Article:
• Although long term treatment with highly active antiretroviral therapy (HAART) may lead to detrimental cardiovascular effects, there may be beneficial effects of HAART in the short term, providing evidence that HIV itself is mechanistically associated with increased CHD risk.

  • The identification and treatment of cardiovascular risk factors, particularly smoking and hyperlipidaemia, should be considered in all patients with HIV infection.

HIV related left ventricular dysfunction and myocarditis

The incidence of HIV related dilated cardiomyopathy before HAART was 15.9 per 1000 person-years, and has decreased significantly after introduction of HAART.w90 The aetiology of HIV related cardiomyopathy is likely multifactorial, and may be due to direct infection of myocardial cells by HIV-1 virions, immune activation, or co-infection with other viruses such as coxsackievirus B3 and CMV, as well as nutritional deficiencies, autoimmune factors (increased anti-α myosin antibodies), and HAART toxicity (zidovudine).w91 One myocardial biopsy series before the HAART era demonstrated that pathology is consistent with myocarditis in more than half of patients.w92

The treatment of HIV related cardiomyopathy is unclear, and usual treatment for heart failure with afterload reduction appears reasonable. What remains unknown is the role of inflammation and immune response in the disease. One study in children with HIV and left ventricular dilation showed improvement in left ventricular contractility in those with higher endogenous IgG values or after treatment with intravenous immunoglobulin, suggesting that myocardial impairment may be immunologically mediated.w93 The prognosis of HIV related cardiomyopathy appears to be worse than other non-ischaemic cardiomyopathies, and one study in children with vertical HIV transmission demonstrated that even mild left ventricular dysfunction was associated with increased overall mortality.w94 Further data will emerge from the ongoing HIV-Heart study, which is examining the prevalence and natural history of myocardial dysfunction in HIV infected adults.w95

Cerebrovascular disease

Although up to 40% of AIDS patients appeared to have neurologic complications, most of these were related to encephalopathy or infectious causes, although both ischaemic stroke and intracranial haemorrhage have been described in HIV patients.w96 In one cohort, the prevalence of cerebrovascular disease was 1.9% (transient ischaemic attack 0.8%, stroke 1.2%), with an annual incidence rate of 216/100 000. The prevalence appeared to be higher in later stages of infection and poorer immunologic state, although HAART did not change the risk of cerebrovascular events in two studies.1 w97 In contrast, DAD study results showed an incidence rate of 5.7 events per 1000 person-years for the combined end point of cardiovascular and cerebrovascular disease events, with an increased risk with longer HAART exposure (relative risk per year of exposure 1.26, 95% CI 1.14 to 1.38; p<0.0001).w98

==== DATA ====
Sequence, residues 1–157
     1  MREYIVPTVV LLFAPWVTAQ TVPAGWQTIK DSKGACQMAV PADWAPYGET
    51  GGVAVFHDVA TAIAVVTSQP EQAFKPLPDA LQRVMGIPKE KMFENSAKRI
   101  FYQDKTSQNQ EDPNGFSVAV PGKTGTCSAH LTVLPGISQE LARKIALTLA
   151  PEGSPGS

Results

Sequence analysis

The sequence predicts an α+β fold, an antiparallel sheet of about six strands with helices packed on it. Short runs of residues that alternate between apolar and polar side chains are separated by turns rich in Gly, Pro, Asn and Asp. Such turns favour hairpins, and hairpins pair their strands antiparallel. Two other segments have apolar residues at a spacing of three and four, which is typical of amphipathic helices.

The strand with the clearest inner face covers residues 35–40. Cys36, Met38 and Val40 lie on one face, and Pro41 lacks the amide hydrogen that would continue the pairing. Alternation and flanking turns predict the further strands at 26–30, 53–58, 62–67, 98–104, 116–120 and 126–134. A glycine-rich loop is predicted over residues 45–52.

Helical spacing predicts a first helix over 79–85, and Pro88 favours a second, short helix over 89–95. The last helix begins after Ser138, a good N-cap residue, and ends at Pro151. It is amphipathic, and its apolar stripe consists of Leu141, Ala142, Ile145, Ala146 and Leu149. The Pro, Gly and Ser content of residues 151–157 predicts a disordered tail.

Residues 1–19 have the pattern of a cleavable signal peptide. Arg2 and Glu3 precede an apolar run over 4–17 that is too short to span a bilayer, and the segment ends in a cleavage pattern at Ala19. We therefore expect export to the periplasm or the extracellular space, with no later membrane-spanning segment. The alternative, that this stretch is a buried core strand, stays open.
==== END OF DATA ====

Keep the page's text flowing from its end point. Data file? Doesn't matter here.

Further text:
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Miscellaneous

Pericardial effusion is the most common cardiac manifestation of HIV infection with a prevalence up to 20%.w99 Although most patients are asymptomatic and effusions are generally small,w100 the presence of a pericardial effusion appears to be an independent predictor of mortality and poor prognosis.w101 The risk of bacterial endocarditis in HIV infected patients is similar to cohorts with similar risk behaviours, and the diagnosis and management is the same as in uninfected patients.18 Cardiac malignancies are quite rare in HIV patients, and include Kaposi’s sarcoma and malignant lymphoma.w91 HIV patients also have been noted to have prolonged QTc intervals, a finding which may be associated with myocarditis, cardiomyopathy, and autonomic neuropathy.w91

CONCLUSION

According to the Centers for Disease Control and Prevention (CDC), HIV patients who are age 50 years and older will account for half of all HIV/AIDS cases in the USA by the year 2015. Although similar data are not available for European countries, it is known that within western and central Europe, the UK together with France, Italy, and Spain continue to have a large HIV epidemic.w102 In addition to typical HIV related complications, this patient population will be facing consequences of other chronic diseases, including atherosclerosis. We believe that HIV infection and HAART may accelerate typical problems associated with aging, particularly cardiovascular disease via chronic persistent inflammation. Since cardiovascular disease is so prevalent in the aging population, any process that accelerates this process further will likely lead to significant clinical and public health problems. In the future, prevention strategies to decrease cardiovascular risk in the HIV infected population will be important from both a clinical as well as a public health perspective.

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View Abstract

Footnotes

  • Additional references are published online only at http://heart.bmj.com/content/vol95/issue14

  • Competing interests: In compliance with EBAC/EACCME guidelines, all authors participating in Education in Heart have disclosed potential conflicts of interest that might cause a bias in the article. The authors have no competing interests.